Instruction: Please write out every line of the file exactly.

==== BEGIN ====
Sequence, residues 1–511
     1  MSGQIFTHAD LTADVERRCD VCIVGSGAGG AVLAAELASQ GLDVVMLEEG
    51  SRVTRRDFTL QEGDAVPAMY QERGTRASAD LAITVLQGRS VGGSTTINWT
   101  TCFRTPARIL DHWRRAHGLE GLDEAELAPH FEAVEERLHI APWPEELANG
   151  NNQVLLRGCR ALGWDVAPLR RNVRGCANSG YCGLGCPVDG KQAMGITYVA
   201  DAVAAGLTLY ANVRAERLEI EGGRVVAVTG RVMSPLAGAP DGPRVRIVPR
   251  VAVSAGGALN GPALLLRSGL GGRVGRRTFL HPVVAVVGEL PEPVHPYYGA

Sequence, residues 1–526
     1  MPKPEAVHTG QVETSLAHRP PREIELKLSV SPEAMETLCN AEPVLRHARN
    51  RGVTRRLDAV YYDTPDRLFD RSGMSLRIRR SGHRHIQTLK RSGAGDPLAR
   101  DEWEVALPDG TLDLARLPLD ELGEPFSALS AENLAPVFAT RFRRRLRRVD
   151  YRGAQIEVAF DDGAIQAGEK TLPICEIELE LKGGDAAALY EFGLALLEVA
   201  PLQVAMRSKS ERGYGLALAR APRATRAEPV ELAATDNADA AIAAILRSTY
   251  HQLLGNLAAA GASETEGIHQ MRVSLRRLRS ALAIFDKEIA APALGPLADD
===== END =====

Sequence, residues 1–511
     1  MSGQIFTHAD LTADVERRCD VCIVGSGAGG AVLAAELASQ GLDVVMLEEG
    51  SRVTRRDFTL QEGDAVPAMY QERGTRASAD LAITVLQGRS VGGSTTINWT
   101  TCFRTPARIL DHWRRAHGLE GLDEAELAPH FEAVEERLHI APWPEELANG
   151  NNQVLLRGCR ALGWDVAPLR RNVRGCANSG YCGLGCPVDG KQAMGITYVA
   201  DAVAAGLTLY ANVRAERLEI EGGRVVAVTG RVMSPLAGAP DGPRVRIVPR
   251  VAVSAGGALN GPALLLRSGL GGRVGRRTFL HPVVAVVGEL PEPVHPYYGA

Sequence, residues 1–526
     1  MPKPEAVHTG QVETSLAHRP PREIELKLSV SPEAMETLCN AEPVLRHARN
    51  RGVTRRLDAV YYDTPDRLFD RSGMSLRIRR SGHRHIQTLK RSGAGDPLAR
   101  DEWEVALPDG TLDLARLPLD ELGEPFSALS AENLAPVFAT RFRRRLRRVD
   151  YRGAQIEVAF DDGAIQAGEK TLPICEIELE LKGGDAAALY EFGLALLEVA
   201  PLQVAMRSKS ERGYGLALAR APRATRAEPV ELAATDNADA AIAAILRSTY
   251  HQLLGNLAAA GASETEGIHQ MRVSLRRLRS ALAIFDKEIA APALGPLADD